Rewrite extension and update version to 3.0.0 rileyjshaw/dark-theme-everywhere

Initially, this extension grabbed the content of a CSS file with an XMLHttpRequest and injected it into the bottom of the page. This had a few advantages:

  1. Text content could be easy processed and manipulated (admittedly, I wasn't using this for anything).
  2. Toggling styles was as easy as adding and removing a <style> element from <body>.
  3. In theory, this strategy would beat out almost every other style rule (some inline styles excepted). User !important rules used to override author !important rules, but Chrome no-longer does user stylesheets. I figured an aggressively !important author stylesheet added at the very bottom of the page was pretty solid.

After some testing, I realized that !important styles from content_scripts injection (along with chrome.tabs.insertCSS) actually do take precedence over author stylesheets. Since 3) was the key consideration for my original decision, I re-wrote the extension to inject a stylesheet from content_scripts.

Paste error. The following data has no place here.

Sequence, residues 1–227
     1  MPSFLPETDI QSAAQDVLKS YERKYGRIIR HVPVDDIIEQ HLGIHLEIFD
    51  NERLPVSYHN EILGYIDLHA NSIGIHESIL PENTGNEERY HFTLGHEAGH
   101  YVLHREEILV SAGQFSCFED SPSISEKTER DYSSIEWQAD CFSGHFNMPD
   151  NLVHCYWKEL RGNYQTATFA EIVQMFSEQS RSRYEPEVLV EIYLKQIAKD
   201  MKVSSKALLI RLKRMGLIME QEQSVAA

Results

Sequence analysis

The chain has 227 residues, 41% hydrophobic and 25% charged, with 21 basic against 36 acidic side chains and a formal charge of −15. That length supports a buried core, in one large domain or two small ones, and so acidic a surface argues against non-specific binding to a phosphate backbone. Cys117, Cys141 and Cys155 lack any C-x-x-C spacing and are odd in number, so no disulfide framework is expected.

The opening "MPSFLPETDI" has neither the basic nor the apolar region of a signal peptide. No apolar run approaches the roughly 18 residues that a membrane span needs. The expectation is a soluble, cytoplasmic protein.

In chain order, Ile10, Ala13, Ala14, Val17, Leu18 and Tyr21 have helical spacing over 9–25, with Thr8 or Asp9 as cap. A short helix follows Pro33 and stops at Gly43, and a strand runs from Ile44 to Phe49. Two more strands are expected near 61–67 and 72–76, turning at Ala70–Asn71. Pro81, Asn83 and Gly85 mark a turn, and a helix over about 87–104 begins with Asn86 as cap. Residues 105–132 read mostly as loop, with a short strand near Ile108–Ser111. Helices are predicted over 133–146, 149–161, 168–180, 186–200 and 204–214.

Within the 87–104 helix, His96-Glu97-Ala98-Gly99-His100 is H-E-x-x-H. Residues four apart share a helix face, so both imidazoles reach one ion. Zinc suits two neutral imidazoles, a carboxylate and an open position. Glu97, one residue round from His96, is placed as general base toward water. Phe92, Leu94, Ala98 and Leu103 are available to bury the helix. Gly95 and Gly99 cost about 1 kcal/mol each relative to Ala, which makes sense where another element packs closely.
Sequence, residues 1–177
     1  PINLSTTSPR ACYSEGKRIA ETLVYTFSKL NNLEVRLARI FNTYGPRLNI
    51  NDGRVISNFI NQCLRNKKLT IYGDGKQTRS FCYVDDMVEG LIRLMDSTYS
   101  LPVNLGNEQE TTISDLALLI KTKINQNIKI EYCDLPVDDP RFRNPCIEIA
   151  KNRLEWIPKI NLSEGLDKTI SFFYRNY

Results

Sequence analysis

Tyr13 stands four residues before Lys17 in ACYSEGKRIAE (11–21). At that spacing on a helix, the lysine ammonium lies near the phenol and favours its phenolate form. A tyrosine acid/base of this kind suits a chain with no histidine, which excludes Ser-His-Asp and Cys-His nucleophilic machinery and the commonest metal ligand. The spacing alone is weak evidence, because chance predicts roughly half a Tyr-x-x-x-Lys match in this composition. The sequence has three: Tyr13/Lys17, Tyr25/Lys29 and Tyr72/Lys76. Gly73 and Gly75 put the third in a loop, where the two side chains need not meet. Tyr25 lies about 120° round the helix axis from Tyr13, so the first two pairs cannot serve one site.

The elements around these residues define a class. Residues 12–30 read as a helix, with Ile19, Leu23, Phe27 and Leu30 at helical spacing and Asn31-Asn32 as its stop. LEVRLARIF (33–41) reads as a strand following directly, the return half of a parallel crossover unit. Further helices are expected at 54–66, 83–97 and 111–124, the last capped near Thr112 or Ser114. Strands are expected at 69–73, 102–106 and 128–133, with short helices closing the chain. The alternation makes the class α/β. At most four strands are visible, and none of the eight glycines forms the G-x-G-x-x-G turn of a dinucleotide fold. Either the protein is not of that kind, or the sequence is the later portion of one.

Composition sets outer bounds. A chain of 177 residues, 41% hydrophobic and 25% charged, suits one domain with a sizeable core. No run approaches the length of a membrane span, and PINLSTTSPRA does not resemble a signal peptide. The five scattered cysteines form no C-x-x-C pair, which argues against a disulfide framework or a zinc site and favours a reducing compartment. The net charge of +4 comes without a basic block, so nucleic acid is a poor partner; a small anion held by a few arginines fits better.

This change in architecture had pros and cons.

+ Improved chance of dark theme winning out over author styles.
+ Allowed styles to be applied before any other DOM is constructed, substantially reducing time-to-darkness.
+ Simplified the callbacks between background.js and client.js, reduced code, and made the entire extension easier to reason about.


- With 1) above, I could've handled variant rules (eg. specificityHelper) with a few regular expressions. Locking into a static stylesheet added some huge copypastas, tripling the size of main.css.
- Injected stylesheets aren't accessible once they've been added. Rather than "turning the styles off" like in 2), the best option was to add a toggle class to <body>.
- Rewrites take time.

This commit was essentially a full rewrite, so I changed some smaller things while I was at it:

  • Styles now look for :not(.off) instead of .on. This makes the default dark and avoids a Blinding White Flash before the class changes.
  • Added id specificity helpers; it's discussed further in client.js:24.
  • Renamed some files for clarity.

I came across some unfortunate Chromium bugs while working on this, which caused me to dive into that project. It's huge! Lots of fun to poke around :)